Some of you might remember my previous post of the first portion of this story, which I continued as a mini-series. However, this is what was
published as a short story in Red Cedar Vol. XIX. I hope that you enjoy it! It is about a form of dementia and involves both the surreal and reality.
The first part is surreal, whereas the second part is reality.
Creation of the Birds
She was the only one fit to take up the task of painting a song to life: Arlnamis, Queen of Byrrds. A steady hum permeated the space, emanating from
the pigment apparatus. The pressure from the oscillated particles of air made her barn-owl plumage ruffle gently in the sub-motion. A paragon of
serenity, Arlnamis, with eyes closed, combined the ingredients of life: yellow matter, red quantum particles, and blue stardust, upon her palette. Her
stylus, inseparable from her song, deep within the centre of her chest.
Against entropy, she put pen to paper and drew forth life, through the magnified power of the burning stars. Three points of starlight upon the page
imbued her creations with reality through the corkscrewing radiance of their Aether.
The painted wings twitched. Hello, little one. Welcome—welcome to Life.
Her face spread into a warm smile, with pressed lips, as though
kissing the thought, itself. The little wet eyes blinked up at her, slowly, as a tiny —chirrup!
came, unbidden, from its throat. Arlnamis
opened her own fierce yellow owl’s eyes, and looked upon her bird, now hopping joyfully about the tabletop. She grinned toothlessly before taking up
Creation, once again. As her first bird began flight, her second drew its first breath.
After the fourth, all five birds, giddy with the miracle of Life, rejoiced and filled the space with their hearts’ Song. —A success
Creation, complete, Arlnamis turned to group the four little birds upon the sill of the opened window. She gave each of them, in turn, a stare laden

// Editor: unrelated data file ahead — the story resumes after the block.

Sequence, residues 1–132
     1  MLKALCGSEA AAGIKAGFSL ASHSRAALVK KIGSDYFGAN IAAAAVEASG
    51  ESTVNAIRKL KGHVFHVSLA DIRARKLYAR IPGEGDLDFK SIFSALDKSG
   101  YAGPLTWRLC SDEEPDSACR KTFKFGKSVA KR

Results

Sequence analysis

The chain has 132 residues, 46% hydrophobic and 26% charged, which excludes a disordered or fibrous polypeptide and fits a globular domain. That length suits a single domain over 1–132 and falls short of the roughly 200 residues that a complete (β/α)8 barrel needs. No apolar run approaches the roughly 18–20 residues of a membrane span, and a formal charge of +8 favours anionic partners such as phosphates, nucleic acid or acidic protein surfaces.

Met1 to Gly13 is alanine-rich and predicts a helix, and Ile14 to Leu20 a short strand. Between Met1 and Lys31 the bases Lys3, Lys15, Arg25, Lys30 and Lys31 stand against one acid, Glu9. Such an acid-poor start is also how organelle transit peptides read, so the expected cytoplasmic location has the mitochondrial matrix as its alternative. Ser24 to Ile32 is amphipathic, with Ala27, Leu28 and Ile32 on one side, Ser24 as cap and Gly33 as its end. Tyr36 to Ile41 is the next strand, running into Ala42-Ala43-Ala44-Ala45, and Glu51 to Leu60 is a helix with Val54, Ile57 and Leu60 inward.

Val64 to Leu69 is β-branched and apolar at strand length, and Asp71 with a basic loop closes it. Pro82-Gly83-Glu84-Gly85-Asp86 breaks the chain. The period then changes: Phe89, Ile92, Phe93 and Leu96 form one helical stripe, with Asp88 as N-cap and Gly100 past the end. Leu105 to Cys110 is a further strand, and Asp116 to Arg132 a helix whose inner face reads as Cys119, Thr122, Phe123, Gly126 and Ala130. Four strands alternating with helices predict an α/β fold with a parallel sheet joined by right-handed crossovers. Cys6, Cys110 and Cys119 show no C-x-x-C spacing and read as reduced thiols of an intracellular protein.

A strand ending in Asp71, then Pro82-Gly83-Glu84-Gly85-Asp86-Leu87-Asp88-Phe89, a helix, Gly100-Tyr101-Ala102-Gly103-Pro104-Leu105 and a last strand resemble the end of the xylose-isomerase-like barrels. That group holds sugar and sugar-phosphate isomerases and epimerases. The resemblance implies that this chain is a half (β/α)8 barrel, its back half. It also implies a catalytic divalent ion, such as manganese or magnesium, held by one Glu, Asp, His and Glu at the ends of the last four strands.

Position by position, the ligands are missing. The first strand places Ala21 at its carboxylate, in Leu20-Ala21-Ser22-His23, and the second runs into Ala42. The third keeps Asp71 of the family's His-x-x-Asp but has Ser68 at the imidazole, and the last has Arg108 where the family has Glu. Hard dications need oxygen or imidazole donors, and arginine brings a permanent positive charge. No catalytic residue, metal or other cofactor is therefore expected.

Then, in one swift motion, she ushered them forth, out into the endlessly deep night sky—so that her freed and living Song might grace all of
reality through the infinite flight of their beating hearts.
Arlette’s hands shook as she laboriously poured birdseed into the feeder, only managing to get about half of it inside of the cage, the rest of it
falling uselessly to the floor. The four birds, her only living companions, twittered and worriedly cocked their heads from side-to-side.
At eighty-three, Arlette supposed there were much worse deaths to die—she’d seen them. Had been there, at her husband’s death rattle, some
thirteen years prior. Watched his precipitous decline, as the cancer meticulously ate away at him and left only his shell, behind.
—It’s only my shell—
It hadn’t even been him, really, when he’d died. Just as she supposed it wouldn’t really be her, either, dying. After all—she’d be somewhere
else. That Other place her dementia brought her to with increasing regularity. She’d be free in hallucinations—was
free: from the shaking
and the delusion; the fainting, and the sorrow—free from the inevitable unravelling of her consciousness.
Arlette half-closed one cage and moved on to the next. She did not notice her birds taking advantage of this and escaping, one by one. As if lacking a
keel, her uneven shuffle grew ever more disordered. She progressed, and her tremulant hands spilled far more birdseed onto the floor, than they did
into the feeders. A sudden wave of uneasiness slunk up her spine. She grappled about desperately in search of support. Too little, too late—it hit
full-force, striking her like a bolt from the blue.
Vertigo violently slammed her to the tiled floor with a sickening thunk
. Her perception ground down to a halt. She couldn’t move—couldn’t
think. She tried
to move a finger—to move anything at all! Alas, even her best efforts proved futile. Could she have, she would have cried
out in frustration, for she was helplessly trapped. Her eyes were locked, looking up. Stuck like that, on her back, all she could see was her birds,
Easily, they soared in and out and out and back into Arlette’s limited frame of view. From on high, her four birds gazed down curiously at her. The
rate at which they flew seemed to slow, gradually, until they were just barely inching along. Without preamble, Arlette miraculously unfurled her
wings. Then, with a chirrup!
she jovially hopped about, not a single tremor in sight. Her birds beckoned to her with their song. She joined
in—all of the words already intuitively imprinted within her soul.
—I can fly—
Even as she felt herself flying away—free into the brightest of blue skies that had somehow replaced her ceiling—Arlette chanced a last glance
back, toward the once-familiar room. There, hedged in between the white adobe walls, potted plants, birdcages, and terracotta floor—there she lay,
breathing, with eyes wide-open. Arlette laughed to herself—she had been correct: she really wasn’t
that shell, anymore!
She was finally free.